Published: 15/02/2016 16:30 - Updated: 15/02/2016 11:11

Inverness Caley Thistle fans have a chance to own a piece of club

Written byVal Sweeney

David Sutherland - former Inverness Caley Thistle chairman.
David Sutherland - former Inverness Caley Thistle chairman.

FORMER Inverness Caley Thistle chairman David Sutherland believes ordinary fans should get the chance to buy into the club after an anonymous donor gifted shares to the Highland Hospice.

A fifth of the club’s voting shares were donated by a generous benefactor, believed to be Inverness businessman Sandy Catto, to the hospice on Friday.

The charity is now hoping that a dedicated ICT fan may be interested in acquiring the 573,950 shares and helping push its £4.5 million appeal for a new inpatient unit in Inverness towards its target.

But Mr Sutherland, who holds a two per cent shareholding and is also part of the ICT Trust which owns 24 per cent of the shares, believes the donation should be divided up to allow as many supporters as possible to own a piece of the club.

"I think they should be made as widely available as possible to the real fan base and the supporters who turn up week after week," he said. "In an ideal world and if it was legally possible, the ordinary supporters would be given a chance to buy shares from the hospice at a price that was digestible and affordable to reward their support of Caley Thistle in the past and in the future."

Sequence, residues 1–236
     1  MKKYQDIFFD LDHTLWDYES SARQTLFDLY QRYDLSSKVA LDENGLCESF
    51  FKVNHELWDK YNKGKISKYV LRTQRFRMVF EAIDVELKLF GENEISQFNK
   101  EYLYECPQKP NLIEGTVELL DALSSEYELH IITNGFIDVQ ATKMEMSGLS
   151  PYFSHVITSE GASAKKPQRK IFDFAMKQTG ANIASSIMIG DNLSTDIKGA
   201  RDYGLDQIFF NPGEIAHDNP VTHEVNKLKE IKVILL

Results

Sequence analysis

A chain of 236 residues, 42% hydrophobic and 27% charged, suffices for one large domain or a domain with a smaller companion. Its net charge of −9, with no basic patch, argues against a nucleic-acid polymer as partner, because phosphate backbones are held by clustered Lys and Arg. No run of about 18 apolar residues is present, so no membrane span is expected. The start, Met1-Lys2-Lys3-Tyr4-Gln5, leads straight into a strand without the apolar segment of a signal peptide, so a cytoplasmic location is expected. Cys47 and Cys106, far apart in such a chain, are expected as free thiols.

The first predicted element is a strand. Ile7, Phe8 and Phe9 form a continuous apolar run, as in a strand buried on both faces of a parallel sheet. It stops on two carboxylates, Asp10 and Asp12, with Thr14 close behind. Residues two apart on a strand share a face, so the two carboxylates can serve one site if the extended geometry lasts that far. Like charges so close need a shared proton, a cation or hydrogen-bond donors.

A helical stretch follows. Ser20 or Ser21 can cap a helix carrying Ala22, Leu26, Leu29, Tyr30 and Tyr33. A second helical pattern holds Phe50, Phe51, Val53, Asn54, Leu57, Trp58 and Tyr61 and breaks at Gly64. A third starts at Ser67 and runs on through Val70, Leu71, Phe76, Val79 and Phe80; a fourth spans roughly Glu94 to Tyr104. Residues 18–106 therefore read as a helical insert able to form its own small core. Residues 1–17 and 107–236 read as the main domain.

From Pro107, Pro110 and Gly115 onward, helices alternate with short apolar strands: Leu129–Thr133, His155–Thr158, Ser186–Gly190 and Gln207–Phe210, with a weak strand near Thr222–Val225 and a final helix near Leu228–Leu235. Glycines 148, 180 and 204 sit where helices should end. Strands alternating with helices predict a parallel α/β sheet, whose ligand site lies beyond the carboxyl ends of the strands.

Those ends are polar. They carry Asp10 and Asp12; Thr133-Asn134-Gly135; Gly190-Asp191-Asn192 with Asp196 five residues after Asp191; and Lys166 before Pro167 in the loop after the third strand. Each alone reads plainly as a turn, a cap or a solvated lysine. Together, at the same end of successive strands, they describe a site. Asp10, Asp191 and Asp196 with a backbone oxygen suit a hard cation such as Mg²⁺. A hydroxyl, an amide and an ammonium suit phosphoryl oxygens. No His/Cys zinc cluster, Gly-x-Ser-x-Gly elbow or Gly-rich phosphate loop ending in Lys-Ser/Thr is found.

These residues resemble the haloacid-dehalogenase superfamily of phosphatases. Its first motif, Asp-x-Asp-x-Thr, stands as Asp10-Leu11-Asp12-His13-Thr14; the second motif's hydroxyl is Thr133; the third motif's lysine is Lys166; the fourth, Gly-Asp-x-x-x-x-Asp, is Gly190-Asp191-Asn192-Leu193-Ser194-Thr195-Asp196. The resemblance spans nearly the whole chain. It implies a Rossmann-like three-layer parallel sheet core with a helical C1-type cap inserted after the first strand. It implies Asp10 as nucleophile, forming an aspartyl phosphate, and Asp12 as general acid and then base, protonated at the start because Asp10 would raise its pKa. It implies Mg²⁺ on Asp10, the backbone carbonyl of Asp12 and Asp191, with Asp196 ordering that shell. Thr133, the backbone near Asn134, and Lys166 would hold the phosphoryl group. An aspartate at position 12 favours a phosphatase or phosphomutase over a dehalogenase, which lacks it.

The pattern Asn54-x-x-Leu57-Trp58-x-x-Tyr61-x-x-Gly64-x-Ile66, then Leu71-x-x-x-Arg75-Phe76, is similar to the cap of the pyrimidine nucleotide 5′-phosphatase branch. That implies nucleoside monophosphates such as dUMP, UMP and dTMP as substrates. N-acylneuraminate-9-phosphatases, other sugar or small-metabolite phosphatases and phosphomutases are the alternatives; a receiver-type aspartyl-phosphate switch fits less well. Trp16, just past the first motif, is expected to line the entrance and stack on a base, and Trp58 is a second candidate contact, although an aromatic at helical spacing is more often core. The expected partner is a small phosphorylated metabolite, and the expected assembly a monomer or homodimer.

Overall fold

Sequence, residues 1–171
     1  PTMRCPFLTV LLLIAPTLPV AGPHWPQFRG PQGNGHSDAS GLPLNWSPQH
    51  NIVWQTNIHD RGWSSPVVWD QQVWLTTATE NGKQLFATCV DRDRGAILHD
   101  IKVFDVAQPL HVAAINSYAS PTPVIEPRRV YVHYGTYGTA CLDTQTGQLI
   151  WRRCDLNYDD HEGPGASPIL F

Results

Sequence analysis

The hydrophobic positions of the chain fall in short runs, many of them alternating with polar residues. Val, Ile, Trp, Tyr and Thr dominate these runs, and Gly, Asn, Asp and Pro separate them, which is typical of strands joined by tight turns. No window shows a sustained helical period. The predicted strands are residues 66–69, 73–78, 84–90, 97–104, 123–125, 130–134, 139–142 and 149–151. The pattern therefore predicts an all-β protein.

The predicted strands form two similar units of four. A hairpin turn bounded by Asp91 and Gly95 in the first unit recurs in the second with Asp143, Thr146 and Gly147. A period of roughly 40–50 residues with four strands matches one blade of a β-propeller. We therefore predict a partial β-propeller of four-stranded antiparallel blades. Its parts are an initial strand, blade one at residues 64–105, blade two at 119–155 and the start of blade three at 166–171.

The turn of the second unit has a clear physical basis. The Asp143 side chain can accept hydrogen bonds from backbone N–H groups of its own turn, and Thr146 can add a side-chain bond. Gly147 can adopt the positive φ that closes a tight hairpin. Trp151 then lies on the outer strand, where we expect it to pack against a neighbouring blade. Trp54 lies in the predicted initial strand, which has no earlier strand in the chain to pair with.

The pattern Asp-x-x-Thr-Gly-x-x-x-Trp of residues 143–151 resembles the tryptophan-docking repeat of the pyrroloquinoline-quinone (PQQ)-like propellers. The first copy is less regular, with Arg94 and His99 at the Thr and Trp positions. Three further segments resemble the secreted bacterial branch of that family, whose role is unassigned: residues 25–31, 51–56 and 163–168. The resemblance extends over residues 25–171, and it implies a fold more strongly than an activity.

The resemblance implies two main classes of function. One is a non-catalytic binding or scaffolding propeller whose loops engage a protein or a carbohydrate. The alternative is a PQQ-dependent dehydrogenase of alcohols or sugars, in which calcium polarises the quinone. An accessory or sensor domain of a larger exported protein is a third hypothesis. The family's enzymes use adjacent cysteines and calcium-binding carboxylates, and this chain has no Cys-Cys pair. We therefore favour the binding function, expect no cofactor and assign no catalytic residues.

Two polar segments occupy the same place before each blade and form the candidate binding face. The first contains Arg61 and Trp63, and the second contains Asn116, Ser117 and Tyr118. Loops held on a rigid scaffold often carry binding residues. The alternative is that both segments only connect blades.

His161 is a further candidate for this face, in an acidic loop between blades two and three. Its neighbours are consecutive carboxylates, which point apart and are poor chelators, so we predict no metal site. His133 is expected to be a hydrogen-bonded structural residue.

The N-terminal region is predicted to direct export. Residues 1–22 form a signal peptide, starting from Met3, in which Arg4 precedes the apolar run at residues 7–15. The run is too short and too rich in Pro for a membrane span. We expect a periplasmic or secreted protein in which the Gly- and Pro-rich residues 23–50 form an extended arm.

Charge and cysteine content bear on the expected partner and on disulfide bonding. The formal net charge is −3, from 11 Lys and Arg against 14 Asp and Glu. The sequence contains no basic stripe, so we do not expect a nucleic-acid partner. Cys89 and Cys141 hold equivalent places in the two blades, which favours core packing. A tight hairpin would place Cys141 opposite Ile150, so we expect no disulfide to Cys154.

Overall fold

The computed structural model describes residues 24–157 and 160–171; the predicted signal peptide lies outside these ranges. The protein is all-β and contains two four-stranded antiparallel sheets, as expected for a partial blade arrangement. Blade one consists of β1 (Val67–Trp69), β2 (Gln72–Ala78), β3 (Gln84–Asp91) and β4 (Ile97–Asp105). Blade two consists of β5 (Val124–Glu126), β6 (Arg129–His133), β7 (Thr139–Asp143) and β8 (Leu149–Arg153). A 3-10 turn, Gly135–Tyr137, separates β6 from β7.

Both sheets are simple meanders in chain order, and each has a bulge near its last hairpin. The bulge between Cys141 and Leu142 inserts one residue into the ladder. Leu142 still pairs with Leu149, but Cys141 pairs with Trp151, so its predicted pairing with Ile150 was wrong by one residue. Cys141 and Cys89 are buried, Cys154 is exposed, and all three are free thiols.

The other members of the ICT Trust include Highland MSP David Stewart, former Inverness provost Allan Sellar, Paul MacInnes and Alan MacPhee.

Although hospice managers will only confirm the donation has come from "a supportive Highland family-owned business", there is speculation among fans that it is Mr Catto, of shipping and handling bulk and general cargoes company, Scotlog.

It is understood the family-owned company owns 14 per cent of the shares while Mr Catto personally owns five per cent. He could not be contacted for comment.

Highland News columnist Charles Bannerman has long followed the twists and turns in the club’s history.

"One thing is certain – these shares won’t be sold to anyone seeking a financial gain," he said. "Football shares never yield a profit and quite a large Caley Thistle holding once changed hands for a few pence in the pound."

The question of potential buyers has sparked a lively debate among fans on the CaleyThistleOnline forum.

One fan said selling to the highest bidder could leave the club in a position where its biggest shareholder could be someone "completely undesirable".

"It would be good if the donor of the shares applied conditions or a right of veto for their subsequent resale," the fan said.

Another wanted to see the shares sold in small blocks to fans of the club although the hospice has already said this is unlikely.

Andrew Leaver, the hospice’s head of fundraising, said yesterday that no serious offers had yet been received for the shares.

"A few people have been in contact wanting information but we don’t know how serious they are," he said. "On Twitter, someone had offered £1000 but we are looking for more than that."

The shares are among three million which were originally bought at £1 each.

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